Dog Collars – Wednesday 5 May 2021

Alvin the dog with a dog collar

Dog collars

We were sent a story about dog collars yesterday that we think you’ll rather like. It comes from our friends at Dogs for Good and is a story about one of their assistance dogs, Alvin. He has a very important job to do. It’s a great example of the important work the charity is doing. They place assistance dogs for a variety of needs. They are currently supporting over 300 assistance dog partnerships, which is great. We love seeing all the ways our fellow canines can help by working alongside humans.

Here it is in their words:

A Dog Collar with a Difference

A vicar at a North Yorkshire church is no longer the only one with a dog collar after welcoming a loyal four-legged parishioner to the congregation. 

Assistance dog Alvin from the charity Dogs for Good was placed with Andrew Newton (53) two years ago because he has MS and he lives with his wife the local vicar Rev Ruth Newton of St John’s Church, Sharow.

Dogs for Good is a UK-wide charity that creates life-changing differences for people living with a wide range of disabilities and conditions including autism, physical disabilities, dementia and learning disabilities, through the help of a specially trained dog. The charity’s assistance and community dogs enable people to live more independently.

Meet Alvin

The handsome golden Labrador, who has been expertly trained by the charity, was placed with Andrew because he has Primary Progressive Multiple Sclerosis and he helps him to maintain his independence by carrying out a variety of useful tasks.

Alvin opens and closes doors for Andrew, retrieves items he’s dropped and fetches the TV remote or a blanket. Andrew also taught Alvin to know the difference between a shoe and a slipper so that he can fetch his slippers for him. He can also put down and push up the footplates on Andrew’s wheelchair and help him to get dressed or undressed. 

Alvin learning to close a door

Since being matched with Andrew, Alvin has become a regular at St John’s where he’s well-known and much loved by the congregation and many others in the village where he’s made countless friends.

In fact, Alvin is such an important member of St John’s that when recent renovations were being carried out to fit automatic doors the button to open them was placed at the right height for him to reach. Alvin’s also been blessed by the Priest who delivers Holy Communion services at the church. 

Well Known Dog

Andrew said: “Alvin’s known everywhere I go. He’s become a very well-known dog here. The members of the congregation think he’s such a nice boy, he’s loved by everyone. He’s a good-looking lad and very well behaved. Many people are a little bit in awe of him, especially if they have their own dog and he or she is a bit naughty!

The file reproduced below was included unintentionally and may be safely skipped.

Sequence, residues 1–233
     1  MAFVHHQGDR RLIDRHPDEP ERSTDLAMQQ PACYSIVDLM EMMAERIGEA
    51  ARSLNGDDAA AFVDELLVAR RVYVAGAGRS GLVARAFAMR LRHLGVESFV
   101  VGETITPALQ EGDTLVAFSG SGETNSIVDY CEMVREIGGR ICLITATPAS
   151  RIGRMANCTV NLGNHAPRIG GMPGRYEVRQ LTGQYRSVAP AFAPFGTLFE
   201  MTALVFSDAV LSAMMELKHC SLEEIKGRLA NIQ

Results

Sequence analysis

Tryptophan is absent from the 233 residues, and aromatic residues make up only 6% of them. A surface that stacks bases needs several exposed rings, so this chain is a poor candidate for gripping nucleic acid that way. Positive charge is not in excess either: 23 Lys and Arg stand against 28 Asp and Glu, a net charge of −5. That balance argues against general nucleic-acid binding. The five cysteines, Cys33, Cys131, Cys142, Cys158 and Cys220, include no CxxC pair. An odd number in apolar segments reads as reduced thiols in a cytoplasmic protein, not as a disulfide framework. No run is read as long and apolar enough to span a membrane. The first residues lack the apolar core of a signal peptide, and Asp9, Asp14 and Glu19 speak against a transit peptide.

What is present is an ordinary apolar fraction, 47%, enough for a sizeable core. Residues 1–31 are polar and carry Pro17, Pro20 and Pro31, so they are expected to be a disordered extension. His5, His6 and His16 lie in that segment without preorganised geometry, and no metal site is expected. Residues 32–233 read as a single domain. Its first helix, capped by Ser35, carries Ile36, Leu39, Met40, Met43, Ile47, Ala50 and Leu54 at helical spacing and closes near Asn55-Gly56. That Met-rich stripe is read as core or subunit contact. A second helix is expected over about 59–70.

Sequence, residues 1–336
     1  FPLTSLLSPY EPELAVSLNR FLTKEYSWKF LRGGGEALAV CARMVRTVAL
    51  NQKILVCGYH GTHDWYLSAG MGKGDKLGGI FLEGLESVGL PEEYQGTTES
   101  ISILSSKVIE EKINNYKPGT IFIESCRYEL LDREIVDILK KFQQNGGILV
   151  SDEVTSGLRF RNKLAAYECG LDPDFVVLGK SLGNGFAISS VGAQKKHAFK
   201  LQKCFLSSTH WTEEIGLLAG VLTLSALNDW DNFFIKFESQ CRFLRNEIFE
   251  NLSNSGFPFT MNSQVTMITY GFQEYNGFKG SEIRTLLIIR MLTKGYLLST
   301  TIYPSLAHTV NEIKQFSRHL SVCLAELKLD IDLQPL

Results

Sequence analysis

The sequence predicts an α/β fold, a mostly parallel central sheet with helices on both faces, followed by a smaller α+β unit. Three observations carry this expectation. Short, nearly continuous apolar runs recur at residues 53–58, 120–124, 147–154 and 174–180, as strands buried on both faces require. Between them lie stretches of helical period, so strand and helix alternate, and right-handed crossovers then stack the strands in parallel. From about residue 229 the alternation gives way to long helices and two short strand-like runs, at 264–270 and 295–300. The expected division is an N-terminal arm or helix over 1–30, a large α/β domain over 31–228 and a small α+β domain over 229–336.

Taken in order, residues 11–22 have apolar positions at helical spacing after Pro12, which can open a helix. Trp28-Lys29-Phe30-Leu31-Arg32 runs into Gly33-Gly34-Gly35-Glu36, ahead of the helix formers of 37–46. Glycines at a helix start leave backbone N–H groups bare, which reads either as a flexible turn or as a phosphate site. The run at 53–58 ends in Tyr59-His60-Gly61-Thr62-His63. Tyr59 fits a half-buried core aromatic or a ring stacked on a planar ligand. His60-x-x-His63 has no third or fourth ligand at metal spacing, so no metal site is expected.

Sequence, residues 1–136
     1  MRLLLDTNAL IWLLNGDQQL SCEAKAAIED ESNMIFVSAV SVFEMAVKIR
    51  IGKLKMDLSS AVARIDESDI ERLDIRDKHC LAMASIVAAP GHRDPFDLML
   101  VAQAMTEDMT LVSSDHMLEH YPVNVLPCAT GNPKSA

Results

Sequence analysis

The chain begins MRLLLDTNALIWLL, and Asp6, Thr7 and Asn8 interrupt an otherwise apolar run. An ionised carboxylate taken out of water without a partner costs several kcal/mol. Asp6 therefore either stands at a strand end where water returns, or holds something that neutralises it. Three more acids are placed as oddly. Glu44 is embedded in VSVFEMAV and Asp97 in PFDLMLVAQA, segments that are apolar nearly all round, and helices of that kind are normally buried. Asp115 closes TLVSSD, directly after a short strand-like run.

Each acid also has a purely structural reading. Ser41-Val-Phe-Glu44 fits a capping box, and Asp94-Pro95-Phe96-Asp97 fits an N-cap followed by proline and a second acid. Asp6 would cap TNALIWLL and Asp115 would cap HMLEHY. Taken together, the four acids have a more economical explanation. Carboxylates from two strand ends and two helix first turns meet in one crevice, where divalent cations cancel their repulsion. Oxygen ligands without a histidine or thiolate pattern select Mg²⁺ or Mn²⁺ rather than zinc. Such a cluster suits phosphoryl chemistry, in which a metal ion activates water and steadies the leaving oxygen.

Sometimes it can take me an hour to walk 300 yards through the village because I meet so many people who recognise Alvin and want to say hello. And although I can’t get anywhere very fast some days, I do like the sociable side of having a dog. 

Having Alvin with me means that I meet lots of new people every day. There’s always someone to talk to, which is great.

Listening to Music

As part of his training Dogs for Good instructors took Alvin to several different churches. They needed to make sure he would be OK with the sound of a church organ, for example.

Andrew explains: “He’s been trained so well. He is not easily distracted and manages to stay focused even when we are at church surrounded by lots of people and noise. 

“Nothing seems to phase Alvin and he loves to work. He’s a fast learner, too
. With guidance from Dogs for Good on video calls, I’ve even been able to get him to do a few more things – including shutting doors – during lockdown.” 

Alvin can even pick up a bank card for Andrew should he drop it when he’s out and about. “He paws it with his foot until it flicks up. Then he gently gets it in his teeth and gives it to me. Such a clever lad.

Working things out

“He wakes me up every morning with a great big lick. Then waits for me to give him a stroke.  I can only use my left hand so I’ll hang my arm out of bed and he walks under it, backwards and forwards, and gets it done that way.  As I say, a clever, clever lad and I wouldn’t be without him.  

“From the moment I wake up to the time I close my eyes at night, Alvin is by my sid
e. He helps me make the most of every day, bringing a few laughs along the way. He makes me feel much more confident to travel a bit further afield. I know he’s there to pick things up for me if I drop them or to help with the footplates on my wheelchair.

“He’s also given me so much companionship and a real sense of purpose because I need to take him out every day for a walk, even when I don’t really feel like it!  Alvin is a big part of the picture of helping me to maintain my independence for as long as possible.”


For more information visit: dogsforgood.org

We’d just like to say well done to Alvin. He doesn’t live very far from us so that makes him extra special.

Love

Wilma